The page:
Key leaders of the Freedom Convoy were arrested on Thursday by police in Ottawa. Tamara Lich and Chris Barber – prominent organizers of the Canadian trucker protest – were seen being taken into custody by police.
According to the Ottawa Police, Barber was charged with counseling to commit the offense of mischief, counseling to commit the offense of disobey court order (s. 127), and counseling to commit the offense of obstruct police. Lich has been charged with counseling to commit the offense of mischief.
Barber – one of the leaders of the Freedom Convoy and a truck driver from Saskatchewan – was seen on video being arrested in Ottawa.
Video shows Lich being arrested without incident. As she is being taken into custody, Lich tells the other protesters, "Hold the line!"
Both Barber and Lich understood that they were at risk of being arrested for participating in the protest against vaccine mandates.
On Tuesday, Barber said, "We'll follow any direction of law enforcement. We've said it right from day one: If you're confronted by a police officer and the handcuffs come out, put your hands behind your back. Take it like a man. I've never been arrested by police. I've never had handcuffs on … If that comes, I'll be the first guy to get arrested."
An emotional Lich shared a video on Wednesday night, where she acknowledged that she would be taken to jail, but said she was "okay with that."
"I want you to know that I'm not afraid," Lich said in the video posted to social media.
"Just please stay peaceful and take care of each other," Lich tells the other Freedom Convoy protesters. "And know this too will pass."
"And there will be a tomorrow, and we will get through this," Lich said. "The only way this is going to succeed is if we always come from a place of love."
"I pray and I hope that you make your choices from love," she continued. "You have to know that they're trying to provoke us."
Lich – who launched the GoFundMe campaign that raised over $10 million for the Freedom Convoy before the crowdfunding website shut it down – also claimed that her personal bank account had been frozen.
True North journalist Andrew Lawton said, "All of the demonstrators I spoke to yesterday were unfazed by the arrests of organizers Tamara Lich and Chris Barber. 'Hold the line' is still the rallying cry."
"The Ottawa Police Service wants to inform you that under provincial and federal legislation, you will face severe penalties if you do not cease further unlawful activity and remove your vehicle and/or property immediately from all unlawful protest sites," the warning states. "You may be arrested and charged with criminal offenses including but not limited to mischief, and potentially charged with a variety of other non-criminal offenses."
The Ottawa Police threatened demonstrators that their vehicles and property could be seized, their driver's license could be suspended or terminated, and "personal or business bank accounts, including virtual currency, may be subject to examination and restriction." The bulletin also warned that anyone who brings a minor to an "unlawful protest site" faces fines of up to $5,000 and prison sentences of up to five years.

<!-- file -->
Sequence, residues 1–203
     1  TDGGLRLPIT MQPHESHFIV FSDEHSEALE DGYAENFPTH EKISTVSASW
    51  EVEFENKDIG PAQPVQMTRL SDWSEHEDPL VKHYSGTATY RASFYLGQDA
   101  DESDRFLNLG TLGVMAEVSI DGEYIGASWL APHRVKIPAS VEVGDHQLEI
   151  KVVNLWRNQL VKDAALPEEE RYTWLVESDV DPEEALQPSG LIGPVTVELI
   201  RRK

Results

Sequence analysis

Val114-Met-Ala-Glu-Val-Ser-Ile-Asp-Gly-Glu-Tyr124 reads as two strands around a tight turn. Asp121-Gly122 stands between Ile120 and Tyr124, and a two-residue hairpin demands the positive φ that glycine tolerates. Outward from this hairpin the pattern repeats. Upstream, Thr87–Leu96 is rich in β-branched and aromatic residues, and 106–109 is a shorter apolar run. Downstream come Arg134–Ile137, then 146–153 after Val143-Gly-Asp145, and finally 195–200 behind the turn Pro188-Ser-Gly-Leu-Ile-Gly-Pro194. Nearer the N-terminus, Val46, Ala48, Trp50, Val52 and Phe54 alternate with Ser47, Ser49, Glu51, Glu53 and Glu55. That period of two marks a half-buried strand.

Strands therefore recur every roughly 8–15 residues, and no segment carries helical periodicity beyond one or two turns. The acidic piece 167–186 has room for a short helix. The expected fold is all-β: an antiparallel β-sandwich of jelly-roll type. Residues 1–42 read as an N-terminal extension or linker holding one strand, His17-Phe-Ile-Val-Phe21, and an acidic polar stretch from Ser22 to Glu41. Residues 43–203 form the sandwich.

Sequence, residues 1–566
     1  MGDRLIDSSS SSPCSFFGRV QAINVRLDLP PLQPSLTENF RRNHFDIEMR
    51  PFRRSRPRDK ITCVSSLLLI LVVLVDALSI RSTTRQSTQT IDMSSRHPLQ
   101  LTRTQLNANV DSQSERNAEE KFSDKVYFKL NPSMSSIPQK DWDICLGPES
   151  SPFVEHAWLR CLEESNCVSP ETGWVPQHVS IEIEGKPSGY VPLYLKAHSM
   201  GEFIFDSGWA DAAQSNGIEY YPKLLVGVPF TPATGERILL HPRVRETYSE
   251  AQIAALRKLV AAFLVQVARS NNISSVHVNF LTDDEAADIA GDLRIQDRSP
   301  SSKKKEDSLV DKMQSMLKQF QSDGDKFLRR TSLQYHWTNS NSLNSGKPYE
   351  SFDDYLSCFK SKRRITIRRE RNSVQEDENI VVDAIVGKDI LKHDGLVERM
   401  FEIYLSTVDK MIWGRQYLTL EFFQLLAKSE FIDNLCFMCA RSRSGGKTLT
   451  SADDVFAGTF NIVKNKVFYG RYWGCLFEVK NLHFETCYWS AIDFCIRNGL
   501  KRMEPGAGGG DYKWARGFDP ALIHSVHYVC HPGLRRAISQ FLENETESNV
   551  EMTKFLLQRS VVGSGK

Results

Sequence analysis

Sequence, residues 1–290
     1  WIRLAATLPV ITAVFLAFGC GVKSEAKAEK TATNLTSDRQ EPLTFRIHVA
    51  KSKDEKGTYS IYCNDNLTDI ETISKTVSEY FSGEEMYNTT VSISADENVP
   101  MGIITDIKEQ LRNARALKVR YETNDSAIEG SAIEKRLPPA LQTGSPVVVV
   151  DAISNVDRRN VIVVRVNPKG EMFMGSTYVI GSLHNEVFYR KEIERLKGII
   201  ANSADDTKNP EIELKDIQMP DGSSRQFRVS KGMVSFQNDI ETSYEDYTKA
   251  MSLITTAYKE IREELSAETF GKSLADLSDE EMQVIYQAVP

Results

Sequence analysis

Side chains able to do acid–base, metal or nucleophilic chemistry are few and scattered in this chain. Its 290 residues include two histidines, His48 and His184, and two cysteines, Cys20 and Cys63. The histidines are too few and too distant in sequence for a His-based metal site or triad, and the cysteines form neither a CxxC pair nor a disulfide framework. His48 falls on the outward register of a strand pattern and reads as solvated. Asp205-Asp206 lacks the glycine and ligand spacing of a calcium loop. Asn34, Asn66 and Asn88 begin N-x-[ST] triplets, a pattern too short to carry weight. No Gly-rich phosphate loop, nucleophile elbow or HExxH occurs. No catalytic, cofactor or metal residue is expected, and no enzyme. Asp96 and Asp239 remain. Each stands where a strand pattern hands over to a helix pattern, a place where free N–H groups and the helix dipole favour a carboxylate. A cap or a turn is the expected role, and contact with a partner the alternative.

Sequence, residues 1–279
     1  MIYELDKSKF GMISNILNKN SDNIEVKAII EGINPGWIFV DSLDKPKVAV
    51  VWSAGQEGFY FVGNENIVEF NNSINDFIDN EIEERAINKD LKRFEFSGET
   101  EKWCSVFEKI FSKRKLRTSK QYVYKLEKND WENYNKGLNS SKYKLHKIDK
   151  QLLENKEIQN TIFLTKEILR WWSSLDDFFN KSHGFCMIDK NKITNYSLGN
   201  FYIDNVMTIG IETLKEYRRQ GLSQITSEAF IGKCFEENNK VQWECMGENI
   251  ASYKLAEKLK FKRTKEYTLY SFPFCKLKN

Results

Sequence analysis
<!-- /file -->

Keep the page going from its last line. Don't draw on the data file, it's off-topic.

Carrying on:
Canada's Department of Justice explains the Emergencies Act:
The Act contains a specific definition of “national emergency” that makes clear how serious a situation needs to be before the Act can be relied upon. A national emergency is an urgent, temporary and critical situation that seriously endangers the health and safety of Canadians or that seriously threatens the ability of the Government of Canada to preserve the sovereignty, security and territorial integrity of Canada. It must be a situation that cannot be effectively dealt with by the provinces and territories, or by any other law of Canada.
On Thursday, the Ottawa Police announced that under the Emergencies Act, "the Unified Command in control of policing in Ottawa has established a Secured Area to ensure that individuals comply with the Emergency Measures Regulations and to ensure designated places (Parliament, Government buildings, critical infrastructure etc) are protected."
Police established checkpoints to verify the identity of anyone attempting to access the secured area. Only people who work or live in the area, "peace officers," and employees of the Canadian government can gain access to the secured area.
“The secured area included almost 100 checkpoints that will have police presence to ensure that those seeking entry to that secure area for unlawful reasons such as joining a protest cannot enter the downtown core,” Ottawa Police Chief Steve Bell said on Thursday during a press conference.
"In the last few days we have been communicating with unlawful protesters," Bell continued. "We have told them they must leave. We want to end this unlawful protest peacefully. We are prepared to employ lawful techniques to remove them from our streets."
Ottawa Police issued a warning on Friday morning, "DEMONSTRATORS: You must leave. You must cease further unlawful activity and immediately remove your vehicle and/or property from all unlawful protest sites. Anyone within the unlawful protest site may be arrested."